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Chapter IV

Southern Minnesota and

Its Sprinkling of Finns

Red Wing

In the southeastern corner of Minnesota, where the Minnesota and St. Croix rivers empty into the swiftly flowing Mississippi, lies the river port town of Red Wing. A century ago the river was the vital nerve center, controlling all activity. The sounds of side paddles and whistles blowing heralded the river boats and their cargoes of grain, supplies and prosperity, but death, unfortunately, travelled the same route.

In 1853, Asiatic cholera made its first appearance, and after that, it returned every summer for about twenty years. In 1854, for example, of twenty settlers who just arrived in the town, seven died on the island set aside for the contagious disease, and Dr. Sweeney ordered the bodies burned to prevent a spread of the epidemic - and to keep secret from the Indians the loss of life that the white settlement was suffering.' However, new outbreaks recurred whenever new people arrived in Red Wing.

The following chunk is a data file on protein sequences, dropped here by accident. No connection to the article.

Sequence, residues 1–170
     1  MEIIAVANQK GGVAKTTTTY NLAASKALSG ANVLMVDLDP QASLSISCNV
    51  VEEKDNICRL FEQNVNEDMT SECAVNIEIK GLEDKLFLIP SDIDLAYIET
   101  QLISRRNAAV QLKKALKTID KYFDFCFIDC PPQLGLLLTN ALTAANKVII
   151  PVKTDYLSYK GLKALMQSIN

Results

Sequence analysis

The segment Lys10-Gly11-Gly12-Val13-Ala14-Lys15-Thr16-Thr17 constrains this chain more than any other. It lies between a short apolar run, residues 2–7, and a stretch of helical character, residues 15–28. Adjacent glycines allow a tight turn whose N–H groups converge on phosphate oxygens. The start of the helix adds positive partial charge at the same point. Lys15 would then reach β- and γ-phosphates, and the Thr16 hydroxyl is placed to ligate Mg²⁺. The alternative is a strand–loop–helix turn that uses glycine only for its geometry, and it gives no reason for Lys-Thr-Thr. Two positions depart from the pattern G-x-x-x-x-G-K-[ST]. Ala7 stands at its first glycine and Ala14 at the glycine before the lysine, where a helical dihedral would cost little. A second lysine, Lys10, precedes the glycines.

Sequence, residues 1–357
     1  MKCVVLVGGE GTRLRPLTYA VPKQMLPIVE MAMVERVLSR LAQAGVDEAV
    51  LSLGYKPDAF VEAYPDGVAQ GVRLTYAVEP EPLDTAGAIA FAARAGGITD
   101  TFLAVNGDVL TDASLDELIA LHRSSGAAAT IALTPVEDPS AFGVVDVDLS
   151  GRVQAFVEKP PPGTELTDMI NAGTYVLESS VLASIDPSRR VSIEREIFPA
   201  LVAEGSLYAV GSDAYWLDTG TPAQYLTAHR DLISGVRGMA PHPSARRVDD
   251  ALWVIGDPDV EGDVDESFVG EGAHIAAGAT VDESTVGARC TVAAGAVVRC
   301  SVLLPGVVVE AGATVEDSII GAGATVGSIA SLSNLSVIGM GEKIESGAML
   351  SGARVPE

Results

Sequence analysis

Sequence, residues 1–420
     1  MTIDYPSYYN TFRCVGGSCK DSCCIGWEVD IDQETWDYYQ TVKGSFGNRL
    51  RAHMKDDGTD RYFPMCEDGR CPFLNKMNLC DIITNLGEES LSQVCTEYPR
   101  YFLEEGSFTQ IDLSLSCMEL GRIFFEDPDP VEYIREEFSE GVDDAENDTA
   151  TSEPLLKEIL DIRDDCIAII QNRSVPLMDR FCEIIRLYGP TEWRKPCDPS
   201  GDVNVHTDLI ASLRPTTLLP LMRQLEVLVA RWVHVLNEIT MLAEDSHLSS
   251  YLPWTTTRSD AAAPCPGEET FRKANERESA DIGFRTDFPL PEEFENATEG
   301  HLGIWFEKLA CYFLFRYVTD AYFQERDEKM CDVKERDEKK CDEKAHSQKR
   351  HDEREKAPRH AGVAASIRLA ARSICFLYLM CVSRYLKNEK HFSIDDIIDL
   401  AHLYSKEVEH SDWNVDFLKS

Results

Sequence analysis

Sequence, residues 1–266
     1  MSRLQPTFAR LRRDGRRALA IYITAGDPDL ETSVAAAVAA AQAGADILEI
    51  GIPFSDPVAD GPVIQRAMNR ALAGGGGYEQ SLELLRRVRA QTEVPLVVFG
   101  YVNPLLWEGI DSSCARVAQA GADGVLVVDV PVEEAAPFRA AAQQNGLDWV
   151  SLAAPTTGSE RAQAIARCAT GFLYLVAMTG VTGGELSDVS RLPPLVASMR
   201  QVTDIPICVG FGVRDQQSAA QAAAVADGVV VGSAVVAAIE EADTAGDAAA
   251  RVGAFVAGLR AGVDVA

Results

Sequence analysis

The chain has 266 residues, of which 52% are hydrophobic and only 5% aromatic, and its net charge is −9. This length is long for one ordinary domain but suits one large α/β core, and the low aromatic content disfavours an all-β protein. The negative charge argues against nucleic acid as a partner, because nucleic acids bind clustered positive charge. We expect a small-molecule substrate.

In 1864 some of these newcomers were, for the first time, Finnish settlers. The summer of that year saw several small groups of Finns arriving in Minnesota, all of them following more or less the same route: having arrived in Chicago, they came by train to the Mississippi, and then on river craft downstream to Red Wing.

Members of the first group were Peter (Pere) Lahti from the Tornio River valley, and his wife Johanna (nee Palovainio) from Hietaniemi; Matti Niemi and his wife Maria (nee Korpi) from Kemi; Antti Rovainen from Matarenki and his wife Matlena (nee Helppi) from Kittilä. In addition to these families there were two

1. Ilmonen, S. op. cit. II, p. 143.


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